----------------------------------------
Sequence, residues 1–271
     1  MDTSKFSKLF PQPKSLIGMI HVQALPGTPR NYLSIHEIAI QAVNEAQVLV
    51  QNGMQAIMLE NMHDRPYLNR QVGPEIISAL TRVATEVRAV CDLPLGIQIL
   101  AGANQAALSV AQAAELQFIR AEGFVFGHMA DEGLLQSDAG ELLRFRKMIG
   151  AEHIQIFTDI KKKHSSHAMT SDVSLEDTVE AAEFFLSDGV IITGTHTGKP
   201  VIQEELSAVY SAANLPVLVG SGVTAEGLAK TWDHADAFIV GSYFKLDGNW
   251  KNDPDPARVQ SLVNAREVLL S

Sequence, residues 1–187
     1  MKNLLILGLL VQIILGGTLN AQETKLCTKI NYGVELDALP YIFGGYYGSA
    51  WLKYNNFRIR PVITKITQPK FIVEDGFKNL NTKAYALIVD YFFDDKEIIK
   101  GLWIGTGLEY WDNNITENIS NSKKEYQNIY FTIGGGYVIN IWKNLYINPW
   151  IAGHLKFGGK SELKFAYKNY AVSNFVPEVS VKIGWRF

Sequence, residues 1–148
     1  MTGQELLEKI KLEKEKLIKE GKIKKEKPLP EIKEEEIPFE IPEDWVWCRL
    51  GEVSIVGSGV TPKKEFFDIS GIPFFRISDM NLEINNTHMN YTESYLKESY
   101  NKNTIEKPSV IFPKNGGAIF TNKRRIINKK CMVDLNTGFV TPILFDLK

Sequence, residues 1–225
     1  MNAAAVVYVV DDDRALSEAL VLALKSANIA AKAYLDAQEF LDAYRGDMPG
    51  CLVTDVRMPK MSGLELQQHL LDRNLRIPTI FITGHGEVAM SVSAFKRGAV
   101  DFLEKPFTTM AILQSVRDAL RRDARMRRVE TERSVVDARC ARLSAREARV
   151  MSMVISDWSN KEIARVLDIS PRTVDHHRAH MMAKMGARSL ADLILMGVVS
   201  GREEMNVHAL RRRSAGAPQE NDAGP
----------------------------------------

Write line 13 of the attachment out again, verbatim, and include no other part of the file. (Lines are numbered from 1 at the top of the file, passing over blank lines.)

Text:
Sequence, residues 1–148